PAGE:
Aitor Karanka heaped praise on Lewis Grabban after his second-half brace inspired Nottingham Forest to a first win at Bolton since 1991 in front of their Greek owner Evangelos Marinakis.
Grabban struck twice in 19 second-half minutes having already missed his third penalty of the campaign as Forest won 3-0, after Joe Lolley had opened the scoring in the 12th minute.
Karanka, the first Forest boss to defeat Wanderers on home territory since Brian Clough, was delighted for Marinakis – watching his team for the first time this season – and striker Grabban.
“He was brave enough to take the ball,” said Karanka of his eight-goal marksman who for the second time this campaign scored and missed a spot-kick in the same game.
“Even at 0-0 or 1-1 he would have taken the ball. He is a strong character and he trusts himself and for us it is important to have a player like him.
“I have thought about it (changing the penalty taker) but he scored so I have to keep trusting him.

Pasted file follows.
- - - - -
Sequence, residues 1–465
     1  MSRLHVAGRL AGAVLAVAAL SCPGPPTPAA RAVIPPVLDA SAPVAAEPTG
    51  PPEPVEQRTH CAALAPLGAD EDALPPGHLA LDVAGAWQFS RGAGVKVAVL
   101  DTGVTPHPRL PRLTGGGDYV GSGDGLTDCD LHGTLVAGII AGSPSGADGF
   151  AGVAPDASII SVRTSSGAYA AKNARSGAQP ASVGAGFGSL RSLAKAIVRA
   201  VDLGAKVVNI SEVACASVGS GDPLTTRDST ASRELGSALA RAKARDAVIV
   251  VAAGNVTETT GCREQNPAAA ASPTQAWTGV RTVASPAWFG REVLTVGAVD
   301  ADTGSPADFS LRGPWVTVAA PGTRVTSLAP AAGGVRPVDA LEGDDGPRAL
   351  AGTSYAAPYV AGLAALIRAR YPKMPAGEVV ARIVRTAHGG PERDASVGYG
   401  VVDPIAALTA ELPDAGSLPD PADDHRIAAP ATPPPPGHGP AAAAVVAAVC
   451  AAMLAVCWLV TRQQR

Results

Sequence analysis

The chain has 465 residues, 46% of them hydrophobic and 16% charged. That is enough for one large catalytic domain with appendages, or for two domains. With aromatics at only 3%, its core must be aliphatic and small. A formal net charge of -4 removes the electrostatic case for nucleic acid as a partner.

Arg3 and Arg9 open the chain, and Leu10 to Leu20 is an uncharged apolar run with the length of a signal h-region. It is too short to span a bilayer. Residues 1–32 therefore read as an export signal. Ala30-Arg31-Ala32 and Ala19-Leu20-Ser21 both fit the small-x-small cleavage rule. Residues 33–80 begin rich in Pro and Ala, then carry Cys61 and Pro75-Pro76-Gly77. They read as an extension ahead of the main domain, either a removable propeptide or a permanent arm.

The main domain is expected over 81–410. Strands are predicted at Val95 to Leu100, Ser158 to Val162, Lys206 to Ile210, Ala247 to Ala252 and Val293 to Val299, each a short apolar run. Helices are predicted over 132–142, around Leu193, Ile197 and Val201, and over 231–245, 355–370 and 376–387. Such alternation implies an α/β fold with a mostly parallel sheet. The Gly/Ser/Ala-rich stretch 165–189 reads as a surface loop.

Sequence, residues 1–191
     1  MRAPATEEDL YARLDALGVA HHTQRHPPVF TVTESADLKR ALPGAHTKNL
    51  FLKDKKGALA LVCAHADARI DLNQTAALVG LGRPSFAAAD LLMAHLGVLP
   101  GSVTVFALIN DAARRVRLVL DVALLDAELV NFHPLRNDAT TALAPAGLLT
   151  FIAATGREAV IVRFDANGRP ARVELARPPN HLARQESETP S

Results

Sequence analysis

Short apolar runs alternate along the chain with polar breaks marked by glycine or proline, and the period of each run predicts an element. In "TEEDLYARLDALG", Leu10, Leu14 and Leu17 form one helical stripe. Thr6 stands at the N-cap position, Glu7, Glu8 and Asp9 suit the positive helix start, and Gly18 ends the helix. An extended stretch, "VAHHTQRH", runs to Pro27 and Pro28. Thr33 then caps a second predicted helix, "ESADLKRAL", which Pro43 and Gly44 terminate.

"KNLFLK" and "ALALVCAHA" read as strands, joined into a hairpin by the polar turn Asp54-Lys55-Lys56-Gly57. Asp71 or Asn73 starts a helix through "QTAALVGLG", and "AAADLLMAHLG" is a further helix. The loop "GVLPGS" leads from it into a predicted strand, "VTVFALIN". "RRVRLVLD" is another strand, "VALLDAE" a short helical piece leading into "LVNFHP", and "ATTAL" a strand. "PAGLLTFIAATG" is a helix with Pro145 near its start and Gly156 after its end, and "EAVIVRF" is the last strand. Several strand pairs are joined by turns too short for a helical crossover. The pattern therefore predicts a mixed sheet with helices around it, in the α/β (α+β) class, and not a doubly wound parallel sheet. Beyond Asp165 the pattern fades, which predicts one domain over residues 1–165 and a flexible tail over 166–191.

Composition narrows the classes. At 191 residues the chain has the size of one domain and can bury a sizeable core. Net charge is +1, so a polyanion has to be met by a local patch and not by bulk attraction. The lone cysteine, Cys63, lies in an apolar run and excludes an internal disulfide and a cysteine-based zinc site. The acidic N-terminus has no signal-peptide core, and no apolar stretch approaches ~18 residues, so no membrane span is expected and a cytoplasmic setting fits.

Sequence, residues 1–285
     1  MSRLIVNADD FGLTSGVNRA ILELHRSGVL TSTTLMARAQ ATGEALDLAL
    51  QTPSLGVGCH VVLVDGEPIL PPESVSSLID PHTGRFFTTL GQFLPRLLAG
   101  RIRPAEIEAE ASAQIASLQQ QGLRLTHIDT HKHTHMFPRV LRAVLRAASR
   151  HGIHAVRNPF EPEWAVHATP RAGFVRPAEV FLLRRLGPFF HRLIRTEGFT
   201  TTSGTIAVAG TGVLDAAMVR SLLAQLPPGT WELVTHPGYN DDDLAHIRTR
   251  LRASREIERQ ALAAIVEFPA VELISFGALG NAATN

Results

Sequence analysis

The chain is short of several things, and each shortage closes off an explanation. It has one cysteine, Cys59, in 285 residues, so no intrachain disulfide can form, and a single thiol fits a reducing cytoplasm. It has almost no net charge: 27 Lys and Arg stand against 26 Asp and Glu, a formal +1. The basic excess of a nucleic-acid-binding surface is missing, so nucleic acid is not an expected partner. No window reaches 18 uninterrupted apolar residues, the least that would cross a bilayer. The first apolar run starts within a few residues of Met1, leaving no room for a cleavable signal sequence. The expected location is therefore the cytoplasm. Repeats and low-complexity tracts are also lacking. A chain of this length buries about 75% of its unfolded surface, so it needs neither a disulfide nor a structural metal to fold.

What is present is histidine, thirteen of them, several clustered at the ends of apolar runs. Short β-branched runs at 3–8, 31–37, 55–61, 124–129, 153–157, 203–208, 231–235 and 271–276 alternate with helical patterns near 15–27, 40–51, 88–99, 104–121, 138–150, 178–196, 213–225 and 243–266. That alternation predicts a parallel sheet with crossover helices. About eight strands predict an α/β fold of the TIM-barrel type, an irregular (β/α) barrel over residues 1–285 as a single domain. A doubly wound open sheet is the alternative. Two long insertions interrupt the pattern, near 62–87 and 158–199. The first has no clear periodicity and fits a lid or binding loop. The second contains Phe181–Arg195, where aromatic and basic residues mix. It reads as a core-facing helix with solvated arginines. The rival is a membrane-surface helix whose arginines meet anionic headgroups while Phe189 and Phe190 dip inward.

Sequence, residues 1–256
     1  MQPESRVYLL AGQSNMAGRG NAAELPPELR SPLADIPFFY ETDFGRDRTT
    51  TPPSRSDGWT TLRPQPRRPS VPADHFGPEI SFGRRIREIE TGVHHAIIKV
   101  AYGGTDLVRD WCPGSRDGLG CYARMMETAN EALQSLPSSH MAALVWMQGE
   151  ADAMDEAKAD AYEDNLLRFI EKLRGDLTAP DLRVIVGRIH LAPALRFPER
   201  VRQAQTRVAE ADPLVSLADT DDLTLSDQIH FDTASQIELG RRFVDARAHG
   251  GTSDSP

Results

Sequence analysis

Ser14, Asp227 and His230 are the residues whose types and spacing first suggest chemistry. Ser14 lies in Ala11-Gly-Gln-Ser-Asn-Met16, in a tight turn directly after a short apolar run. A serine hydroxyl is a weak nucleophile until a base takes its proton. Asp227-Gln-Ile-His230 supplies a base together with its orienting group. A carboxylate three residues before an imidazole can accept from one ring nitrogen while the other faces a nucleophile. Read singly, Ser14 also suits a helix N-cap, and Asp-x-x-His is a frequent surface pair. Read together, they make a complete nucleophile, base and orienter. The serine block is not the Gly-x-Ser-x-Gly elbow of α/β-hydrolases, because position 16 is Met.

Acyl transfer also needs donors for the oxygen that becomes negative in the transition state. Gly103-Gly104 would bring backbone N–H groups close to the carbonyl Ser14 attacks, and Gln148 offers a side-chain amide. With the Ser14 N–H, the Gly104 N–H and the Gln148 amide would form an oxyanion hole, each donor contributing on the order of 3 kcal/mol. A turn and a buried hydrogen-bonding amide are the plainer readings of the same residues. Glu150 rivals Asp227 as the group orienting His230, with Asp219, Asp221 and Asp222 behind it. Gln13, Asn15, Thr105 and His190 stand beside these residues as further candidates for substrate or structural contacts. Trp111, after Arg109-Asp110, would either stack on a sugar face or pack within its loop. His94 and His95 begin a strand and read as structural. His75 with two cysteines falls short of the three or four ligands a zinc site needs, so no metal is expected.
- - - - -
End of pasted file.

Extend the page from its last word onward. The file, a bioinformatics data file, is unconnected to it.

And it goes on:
“The main thing is he is scoring goals. It is important to have one player like him happy and scoring goals. His desire and spirit rubs off on the team.”
On the presence of Marinakis and the owner’s training ground pep talk, Karanka added: “I had met him a few times but it was important for the players especially when you are hearing the owner is supportive.
“It is nice to see him on the training ground and to hear his words and to know we are all together.
“We have a good opportunity with this group to do something good this season. From the first minute we played really well,” added Karanka as Forest bounced back from the disappointment of last Saturday’s 2-1 defeat against Norwich.
“We allowed Bolton to have the ball in the second part of the first half but the second half was much better.”
Wanderers boss Phil Parkinson claimed both penalty decisions by referee Andy Davies were dubious.
“I think contentious is the right word,” said Parkinson whose side entertain fellow strugglers Hull on Saturday.
“Grabban gets a lot of penalties; the second one was certainly never a pen as I could see Ben Alnwick had pulled his arms away.
“Refs and officials have got to know the players they are dealing with and they had a lot of penalties this season. They bought both of the penalties.”
Parkinson, however, admitted his team’s performance was poor.
“They scored their first goal on the break from our throw,” he added.
“And the ball was like a hot potato in the first 15 minutes. After that we did play but in the second half we were chasing the game and unfortunately against a team of that quality you are vulnerable to the counter attack.
“They showed the immense quality they have got. But they have spent £30 million and you could see that.”